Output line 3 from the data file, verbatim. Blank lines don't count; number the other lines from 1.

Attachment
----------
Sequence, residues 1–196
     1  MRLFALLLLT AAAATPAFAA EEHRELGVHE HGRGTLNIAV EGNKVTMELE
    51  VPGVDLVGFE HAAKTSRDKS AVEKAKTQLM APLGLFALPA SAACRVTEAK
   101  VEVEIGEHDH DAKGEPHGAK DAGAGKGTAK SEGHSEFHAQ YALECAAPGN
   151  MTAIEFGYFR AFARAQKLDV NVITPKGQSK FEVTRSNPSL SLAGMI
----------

    51  VPGVDLVGFE HAAKTSRDKS AVEKAKTQLM APLGLFALPA SAACRVTEAK